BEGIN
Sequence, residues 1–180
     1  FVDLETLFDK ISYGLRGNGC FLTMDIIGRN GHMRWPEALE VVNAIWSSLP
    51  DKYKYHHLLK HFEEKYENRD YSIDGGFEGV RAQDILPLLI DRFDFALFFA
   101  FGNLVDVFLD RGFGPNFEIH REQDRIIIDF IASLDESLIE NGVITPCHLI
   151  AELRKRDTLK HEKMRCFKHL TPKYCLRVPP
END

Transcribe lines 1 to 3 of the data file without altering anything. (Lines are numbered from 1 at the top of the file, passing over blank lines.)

Sequence, residues 1–180
     1  FVDLETLFDK ISYGLRGNGC FLTMDIIGRN GHMRWPEALE VVNAIWSSLP
    51  DKYKYHHLLK HFEEKYENRD YSIDGGFEGV RAQDILPLLI DRFDFALFFA